Fitness game, exergaming or exer-gaming (a portmanteau of "exercise" and "gaming"), or gamercising  is a term used for video games that are also a form of exercise. Exergaming relies on technology that tracks body movement or reaction. The genre has been credited with upending the stereotype of gaming as a sedentary activity, and promoting an active lifestyle. Exergames are seen as evolving from technology changes aimed at making exercise more fun.
The genre's roots can be found in game peripherals released in the eighties, including the Joyboard, a Atari 2600 peripheral developed by Amiga and released in 1982, the Power Pad (or Family Trainer) a peripheral for the Nintendo Entertainment System (NES), originally released by Bandai in 1986, and the Foot Craz released for the Atari 2600 in 1987, although all three had limited success. Konami's Dance Dance Revolution (1998) was cited as one of the first major successes of exergaming; when it was ported from the arcade to PlayStation, it sold over three million copies. In the 2000s, a number of devices and games have used the exergame style to much success: the EyeToy camera has sold over ten million units, while Nintendo's Wii Fit has sold in excess of 21 million copies. By June 2009, health games were generating revenues of $2 billion, largely due to Wii Fit's 18.22 million sales at the time. The term exergaming entered the Collins English Dictionary in 2007.
The genre has been promoted as a way to improve users' health through exercise, but few studies have been undertaken to measure the health benefits. Smaller trials have yielded mixed results and have shown that the respective traditional methods of exercise are superior to their video game equivalents. Design considerations for exergames include the need to balance the physical effectiveness of the exercise with the attractiveness of the gameplay, with both factors needed to be adapted to the abilities of the player, referred to as 'dual flow' 
Exergaming contains elements that were developed in the virtual reality community during the 1980s. The pioneer in this area was Autodesk, which developed two systems, the HighCycle and Virtual Racquetball. The HighCycle was an exercise bike that a user would pedal through a virtual landscape. If the user pedaled fast enough, the virtual bike would take off and fly over the landscape. Virtual Racquetball tracked the position and orientation of an actual racquet that was used to hit a virtual ball in a virtual environment. This environment was shared with another user equipped with another tracked racquet, allowing the two users to play each other over phone lines. In both systems, the users could wear the VPL eyephones, an early head-mounted display (HMD), that would provide more immersion for the user.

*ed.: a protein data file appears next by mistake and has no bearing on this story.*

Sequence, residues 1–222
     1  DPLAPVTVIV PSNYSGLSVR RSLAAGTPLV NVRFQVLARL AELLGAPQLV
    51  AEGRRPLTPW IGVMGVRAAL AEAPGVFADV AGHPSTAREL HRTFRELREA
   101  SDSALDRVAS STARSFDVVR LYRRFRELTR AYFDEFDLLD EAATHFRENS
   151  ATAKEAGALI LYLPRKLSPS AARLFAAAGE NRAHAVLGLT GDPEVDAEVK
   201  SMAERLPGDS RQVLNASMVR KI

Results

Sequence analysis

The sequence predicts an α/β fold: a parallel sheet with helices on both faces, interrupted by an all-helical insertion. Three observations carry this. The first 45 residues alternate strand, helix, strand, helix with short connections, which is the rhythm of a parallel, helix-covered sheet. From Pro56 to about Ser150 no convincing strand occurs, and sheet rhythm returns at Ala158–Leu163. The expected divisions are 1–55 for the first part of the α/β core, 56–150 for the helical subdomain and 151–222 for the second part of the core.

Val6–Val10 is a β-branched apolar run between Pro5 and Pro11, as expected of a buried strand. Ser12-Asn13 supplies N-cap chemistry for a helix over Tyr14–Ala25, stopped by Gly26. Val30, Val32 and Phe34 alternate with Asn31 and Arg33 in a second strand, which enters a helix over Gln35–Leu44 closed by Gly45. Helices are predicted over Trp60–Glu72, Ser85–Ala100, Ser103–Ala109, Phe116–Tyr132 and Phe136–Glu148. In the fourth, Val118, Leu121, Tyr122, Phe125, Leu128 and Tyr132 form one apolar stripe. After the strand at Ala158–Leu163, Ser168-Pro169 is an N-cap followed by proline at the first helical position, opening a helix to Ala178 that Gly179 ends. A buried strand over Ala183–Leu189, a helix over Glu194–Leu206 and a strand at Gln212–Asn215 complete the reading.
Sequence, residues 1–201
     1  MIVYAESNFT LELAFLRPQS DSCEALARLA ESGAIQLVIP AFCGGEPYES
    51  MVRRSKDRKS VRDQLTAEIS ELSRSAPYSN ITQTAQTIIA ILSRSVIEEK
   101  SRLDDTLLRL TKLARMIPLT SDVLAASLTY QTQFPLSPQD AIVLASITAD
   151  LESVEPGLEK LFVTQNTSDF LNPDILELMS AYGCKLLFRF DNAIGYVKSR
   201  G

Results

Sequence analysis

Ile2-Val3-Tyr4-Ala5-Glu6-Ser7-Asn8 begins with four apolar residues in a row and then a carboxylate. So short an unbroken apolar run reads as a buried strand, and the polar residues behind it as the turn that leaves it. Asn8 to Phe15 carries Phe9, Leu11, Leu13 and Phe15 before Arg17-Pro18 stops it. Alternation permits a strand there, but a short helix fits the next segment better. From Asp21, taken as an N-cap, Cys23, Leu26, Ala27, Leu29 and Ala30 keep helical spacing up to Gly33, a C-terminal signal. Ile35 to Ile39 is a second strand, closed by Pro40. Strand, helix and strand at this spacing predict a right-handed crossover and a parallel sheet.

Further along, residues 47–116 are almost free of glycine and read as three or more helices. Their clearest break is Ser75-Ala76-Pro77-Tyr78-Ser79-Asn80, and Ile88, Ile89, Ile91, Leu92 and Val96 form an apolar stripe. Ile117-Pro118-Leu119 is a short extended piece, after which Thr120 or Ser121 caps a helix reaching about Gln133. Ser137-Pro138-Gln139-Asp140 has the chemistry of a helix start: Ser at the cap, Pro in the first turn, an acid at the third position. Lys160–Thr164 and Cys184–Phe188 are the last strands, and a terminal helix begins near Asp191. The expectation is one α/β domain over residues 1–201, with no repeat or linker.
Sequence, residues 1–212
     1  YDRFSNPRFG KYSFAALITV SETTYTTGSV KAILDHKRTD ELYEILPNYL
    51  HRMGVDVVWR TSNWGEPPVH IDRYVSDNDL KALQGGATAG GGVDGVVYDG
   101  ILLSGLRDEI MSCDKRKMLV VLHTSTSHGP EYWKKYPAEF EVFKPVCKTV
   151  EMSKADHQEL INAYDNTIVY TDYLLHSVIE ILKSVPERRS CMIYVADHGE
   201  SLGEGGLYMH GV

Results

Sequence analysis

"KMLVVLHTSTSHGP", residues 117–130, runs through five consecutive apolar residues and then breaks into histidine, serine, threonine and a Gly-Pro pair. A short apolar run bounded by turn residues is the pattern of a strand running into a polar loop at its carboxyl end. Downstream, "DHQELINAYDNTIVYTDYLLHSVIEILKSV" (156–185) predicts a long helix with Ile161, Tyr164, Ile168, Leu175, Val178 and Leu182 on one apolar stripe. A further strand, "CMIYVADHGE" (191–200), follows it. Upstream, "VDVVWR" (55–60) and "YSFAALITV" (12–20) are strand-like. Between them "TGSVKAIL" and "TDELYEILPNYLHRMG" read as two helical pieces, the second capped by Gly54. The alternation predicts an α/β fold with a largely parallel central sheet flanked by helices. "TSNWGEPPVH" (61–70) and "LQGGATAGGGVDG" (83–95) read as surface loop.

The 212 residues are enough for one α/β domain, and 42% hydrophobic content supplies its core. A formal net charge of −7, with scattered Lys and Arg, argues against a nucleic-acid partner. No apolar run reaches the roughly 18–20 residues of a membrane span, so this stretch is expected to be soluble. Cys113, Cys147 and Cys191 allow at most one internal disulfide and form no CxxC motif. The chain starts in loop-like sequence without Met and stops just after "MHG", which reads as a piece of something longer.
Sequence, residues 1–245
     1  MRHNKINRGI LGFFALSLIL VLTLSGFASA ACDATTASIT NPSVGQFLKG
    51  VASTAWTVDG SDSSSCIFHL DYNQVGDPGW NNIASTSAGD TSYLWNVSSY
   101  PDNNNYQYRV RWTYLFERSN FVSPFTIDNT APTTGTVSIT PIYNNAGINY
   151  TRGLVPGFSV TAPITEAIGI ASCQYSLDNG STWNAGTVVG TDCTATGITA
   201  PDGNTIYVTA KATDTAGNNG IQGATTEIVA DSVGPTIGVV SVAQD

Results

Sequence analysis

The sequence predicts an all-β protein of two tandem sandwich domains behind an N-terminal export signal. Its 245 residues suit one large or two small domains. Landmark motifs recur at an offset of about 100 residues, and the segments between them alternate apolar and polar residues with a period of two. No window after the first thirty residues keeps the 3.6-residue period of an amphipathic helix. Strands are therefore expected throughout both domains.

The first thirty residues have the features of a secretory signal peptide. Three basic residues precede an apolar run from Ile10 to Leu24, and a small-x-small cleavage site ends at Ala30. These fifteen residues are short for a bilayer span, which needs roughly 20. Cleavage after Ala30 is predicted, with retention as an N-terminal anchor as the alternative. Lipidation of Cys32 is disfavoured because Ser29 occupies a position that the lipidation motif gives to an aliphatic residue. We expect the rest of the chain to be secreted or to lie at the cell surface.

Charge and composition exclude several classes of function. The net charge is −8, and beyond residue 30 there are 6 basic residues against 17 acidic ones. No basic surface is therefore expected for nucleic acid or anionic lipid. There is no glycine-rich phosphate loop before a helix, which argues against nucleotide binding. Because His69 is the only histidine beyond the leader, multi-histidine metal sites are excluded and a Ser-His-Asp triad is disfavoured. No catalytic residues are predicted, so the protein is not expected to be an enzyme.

The first true attempt at what would later be called Exertainment was the Atari Puffer project (1982). This was an exercise bike that would hook up to an Atari 400/800 or 5200 system. Forward speed was controlled by pedaling while steering and additional gameplay was handled by a handlebar-mounted Gamepad. The machine was nearly ready for production with several games (Tumbleweeds and Jungle River Cruise) when Atari declared bankruptcy and the Puffer project was abandoned. The Joyboard for the Atari 2600 was also released in 1982, by the Amiga Corporation.
In Japan, Bandai dabbled in this space with the Family Trainer pad, released in 1986 for the Famicom (the Japanese version of the Nintendo Entertainment System). In 1988, Nintendo acquired the North American rights to the pad, and marketed it as the Power Pad in North America.
The first exergaming system released to the market was the 1986 Computrainer. Designed as a training aid and motivational tool, the Computrainer allowed users to ride through a virtual landscape generated on an NES, while monitoring data such as power output and pedaling cadence. The product had a price that was far too high to be considered as an entertainment product, but was affordable by dedicated athletes. The product continues to this day, where it now runs using Microsoft Windows compatible software with extensive graphic and physiological capabilities.
About the same time as the Computrainer, Concept II introduced a computer attachment for their rowing machine. This has become their eRow product and is used for both individual motivation as well as competition in "indoor rowing leagues".